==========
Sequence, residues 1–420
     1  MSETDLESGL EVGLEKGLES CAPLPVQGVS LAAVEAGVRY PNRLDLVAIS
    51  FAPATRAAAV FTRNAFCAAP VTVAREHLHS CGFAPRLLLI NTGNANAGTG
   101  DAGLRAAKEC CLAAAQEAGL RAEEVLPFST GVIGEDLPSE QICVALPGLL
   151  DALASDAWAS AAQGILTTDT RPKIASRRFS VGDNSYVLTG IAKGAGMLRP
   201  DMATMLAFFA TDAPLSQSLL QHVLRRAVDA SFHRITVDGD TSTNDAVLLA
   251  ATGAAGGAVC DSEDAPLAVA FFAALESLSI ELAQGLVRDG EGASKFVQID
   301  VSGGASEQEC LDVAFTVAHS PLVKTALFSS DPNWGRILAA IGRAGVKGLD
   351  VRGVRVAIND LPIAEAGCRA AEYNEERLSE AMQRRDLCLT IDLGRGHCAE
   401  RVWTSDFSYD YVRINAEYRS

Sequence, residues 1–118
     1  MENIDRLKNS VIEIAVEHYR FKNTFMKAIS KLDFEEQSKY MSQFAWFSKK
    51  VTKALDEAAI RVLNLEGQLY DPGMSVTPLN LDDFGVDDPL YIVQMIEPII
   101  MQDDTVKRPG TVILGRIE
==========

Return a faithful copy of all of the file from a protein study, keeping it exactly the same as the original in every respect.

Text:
Sequence, residues 1–420
     1  MSETDLESGL EVGLEKGLES CAPLPVQGVS LAAVEAGVRY PNRLDLVAIS
    51  FAPATRAAAV FTRNAFCAAP VTVAREHLHS CGFAPRLLLI NTGNANAGTG
   101  DAGLRAAKEC CLAAAQEAGL RAEEVLPFST GVIGEDLPSE QICVALPGLL
   151  DALASDAWAS AAQGILTTDT RPKIASRRFS VGDNSYVLTG IAKGAGMLRP
   201  DMATMLAFFA TDAPLSQSLL QHVLRRAVDA SFHRITVDGD TSTNDAVLLA
   251  ATGAAGGAVC DSEDAPLAVA FFAALESLSI ELAQGLVRDG EGASKFVQID
   301  VSGGASEQEC LDVAFTVAHS PLVKTALFSS DPNWGRILAA IGRAGVKGLD
   351  VRGVRVAIND LPIAEAGCRA AEYNEERLSE AMQRRDLCLT IDLGRGHCAE
   401  RVWTSDFSYD YVRINAEYRS

Sequence, residues 1–118
     1  MENIDRLKNS VIEIAVEHYR FKNTFMKAIS KLDFEEQSKY MSQFAWFSKK
    51  VTKALDEAAI RVLNLEGQLY DPGMSVTPLN LDDFGVDDPL YIVQMIEPII
   101  MQDDTVKRPG TVILGRIE